The Border Watch : May 22nd 2014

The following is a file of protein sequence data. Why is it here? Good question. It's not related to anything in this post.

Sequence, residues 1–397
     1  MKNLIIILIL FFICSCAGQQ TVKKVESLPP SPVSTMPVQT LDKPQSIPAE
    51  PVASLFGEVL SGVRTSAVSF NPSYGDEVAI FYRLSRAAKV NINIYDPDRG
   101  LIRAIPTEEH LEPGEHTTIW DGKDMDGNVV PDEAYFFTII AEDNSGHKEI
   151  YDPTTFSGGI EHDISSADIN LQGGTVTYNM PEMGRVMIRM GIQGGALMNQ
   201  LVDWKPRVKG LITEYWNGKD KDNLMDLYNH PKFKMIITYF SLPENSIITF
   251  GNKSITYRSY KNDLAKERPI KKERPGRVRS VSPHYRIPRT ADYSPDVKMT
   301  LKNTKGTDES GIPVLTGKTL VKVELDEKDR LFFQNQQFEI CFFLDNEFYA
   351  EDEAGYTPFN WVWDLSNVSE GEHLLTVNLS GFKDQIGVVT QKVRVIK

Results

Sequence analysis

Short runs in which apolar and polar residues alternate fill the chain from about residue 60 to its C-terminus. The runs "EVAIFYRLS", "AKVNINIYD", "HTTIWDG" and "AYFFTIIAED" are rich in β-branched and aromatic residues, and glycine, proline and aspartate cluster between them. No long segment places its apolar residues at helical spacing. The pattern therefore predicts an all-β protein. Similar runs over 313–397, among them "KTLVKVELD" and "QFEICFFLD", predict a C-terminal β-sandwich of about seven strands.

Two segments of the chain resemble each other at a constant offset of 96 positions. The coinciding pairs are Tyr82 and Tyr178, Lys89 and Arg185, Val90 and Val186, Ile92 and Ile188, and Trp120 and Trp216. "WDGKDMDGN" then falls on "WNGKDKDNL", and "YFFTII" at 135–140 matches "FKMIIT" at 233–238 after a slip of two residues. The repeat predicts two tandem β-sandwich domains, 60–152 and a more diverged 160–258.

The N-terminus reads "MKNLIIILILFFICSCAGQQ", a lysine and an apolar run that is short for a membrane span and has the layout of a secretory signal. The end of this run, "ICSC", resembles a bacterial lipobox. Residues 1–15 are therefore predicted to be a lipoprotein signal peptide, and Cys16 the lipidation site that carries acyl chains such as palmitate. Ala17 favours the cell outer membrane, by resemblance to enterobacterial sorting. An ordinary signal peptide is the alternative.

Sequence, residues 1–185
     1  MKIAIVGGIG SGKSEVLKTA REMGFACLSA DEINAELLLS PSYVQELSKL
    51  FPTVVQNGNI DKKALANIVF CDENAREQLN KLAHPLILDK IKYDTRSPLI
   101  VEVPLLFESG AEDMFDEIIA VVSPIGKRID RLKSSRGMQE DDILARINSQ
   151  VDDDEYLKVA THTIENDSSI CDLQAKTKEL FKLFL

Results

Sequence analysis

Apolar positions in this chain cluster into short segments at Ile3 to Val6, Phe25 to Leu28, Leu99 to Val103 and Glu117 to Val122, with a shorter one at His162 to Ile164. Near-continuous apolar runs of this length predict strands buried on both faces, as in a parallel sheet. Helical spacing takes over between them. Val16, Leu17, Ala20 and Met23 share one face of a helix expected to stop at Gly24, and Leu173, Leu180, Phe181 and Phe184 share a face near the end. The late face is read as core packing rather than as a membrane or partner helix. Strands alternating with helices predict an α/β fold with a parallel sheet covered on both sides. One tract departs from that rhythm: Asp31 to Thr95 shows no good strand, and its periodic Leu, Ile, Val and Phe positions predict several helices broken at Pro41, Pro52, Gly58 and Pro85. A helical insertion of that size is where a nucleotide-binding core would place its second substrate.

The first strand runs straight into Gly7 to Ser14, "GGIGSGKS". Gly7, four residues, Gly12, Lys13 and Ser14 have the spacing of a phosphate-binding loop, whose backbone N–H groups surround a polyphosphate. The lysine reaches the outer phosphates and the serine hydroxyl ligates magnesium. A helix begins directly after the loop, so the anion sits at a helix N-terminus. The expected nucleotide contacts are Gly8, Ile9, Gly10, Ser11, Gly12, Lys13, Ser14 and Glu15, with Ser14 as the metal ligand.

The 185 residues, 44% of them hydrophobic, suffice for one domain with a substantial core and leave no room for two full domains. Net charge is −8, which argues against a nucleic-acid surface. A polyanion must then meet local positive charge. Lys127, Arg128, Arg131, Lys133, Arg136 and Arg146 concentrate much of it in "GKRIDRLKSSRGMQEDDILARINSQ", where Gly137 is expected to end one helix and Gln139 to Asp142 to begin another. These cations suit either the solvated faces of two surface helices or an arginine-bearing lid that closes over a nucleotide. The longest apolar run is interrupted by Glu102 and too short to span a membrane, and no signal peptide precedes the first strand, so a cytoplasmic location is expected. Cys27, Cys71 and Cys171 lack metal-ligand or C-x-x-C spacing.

30 SOCCER VISIT US ONLINE borderwatch.com.au MiniRoos program makes huge impact IN four short weeks the Western Border Soccer Association MiniRoos program has made a huge impact on the local sporting landscape. The MiniRoos program, a national football initiative of the Football Federation of Australia, was rolled out in Mount Gambier in early April and has seen a rapid increase in participants and supporters. The WBSA MiniRoos program is based in Mount Gambier with plans for the program to be rolled out across the Limestone Coast. “We are delighted that the program has resonated with many local families and clubs,” WBSA CEO Andy Shoemark said. “Our vision is for all local towns to have the opportunity to be part of the program and in doing so, join the Football Family. “MiniRoos is played IN THE GAME: Leticia Williamson of Apollo contributed well in the MiniRoos for Girls game. on a smaller pitch with reduced numbers and locally, due to the fact that our games take place at one central location and that the draw is conducted weekly based on the needs of WBSA MiniRoos Foundation clubs, we can add additional teams to cater for the need if it arises.” Blue Lake Soccer Club, Apollo Soccer Club, The Gambier City Sharks and Gambier Centrals compete weekly in the three MiniRoos competitions and host each other at their club when their grounds and facilities are free on Sunday, traditionally game day in the Western Border. “Local clubs were keen to support a well organised and resourced program and that is exactly what we have,” Shoemark said. “Each week over 100 juniors under the age of nine take part and compete for their local club, in their clubs colours against other MiniRoos teams. “All four sides have Under 7 and Under 9 teams, while the MiniRoos for Girls is prgoram still looking for additional players. “At this point all clubs have girls, however we would love to see more girls come out and get involved. FOOT RACE: Centrals’ Freddie Muller and Rafael Rigopoulis from Apollo sprint for the ball. 30 - The Border Watch, Thursday, May 22, 2014 “The girls program is four a side and we currently have four teams in the competition. “The development of MiniRoos for Girls will LONG BALL: Jayden Prior looks to clear the ball. Photos courtesy Eliza Cole and Scott Dickson FULL FLIGHT: Max Lawson clears the ball down the field. assist the SEWFA and we all have a responsibility to develop the women’s game. “MiniRoos for girls is a national initiative that we are delighted to support, it has the potential to provide great opportunities for local girls to get involved in The World Game.” South East Women’s Football Association president Terry Ray is delighted with the potential that the local brand of MiniRoos has to further develop women’s football across the region and is pleased that MiniRoos for girls will provide additional opportunities for girls. “SEWFA has a short, but proud history,” Ray said. “I am pleased that the WBSA is supporting the development of the game at a local level and am looking forward to the impact and participation that MiniRoos will have. “Locally the SEWFA junior development squad has been catering for junior girls for several years and the MiniRoos for girls program will provide even more opportunities for girls to play. “I would like to encourage all interested girls to get involved in this program, to play football and join an all girls team at their local club.” Technical director of the WBSA Scott Dickson said the association wanted to provide the opportunity for children in the region to find their place among a variety of options now available. “It is very important that locally our girls and boys have a chance to get involved by playing in mixed teams or forming boys or girlsonly teams with their friends,” he said. “The idea that a girl or boy can create their own team with a handful of friends at a local club and play each Sunday is pretty cool.” This week the local MiniRoos venue is at Blue Lake Soccer Club and Dickson is keen for anyone to come out and have a look. “Each week it is free to come out and watch and I would encourage anyone who is interested to bring their kids out on Sunday for a look,” he said. “All clubs would be more than happy to cater for the needs of new kids and the best thing about the model is that it caters for expansion. “The proof really is in the pudding, come and have a look I’m sure you will not be disappointed.” To find out where you child can play MiniRoos visit the website or contact the Western Border Soccer Association.
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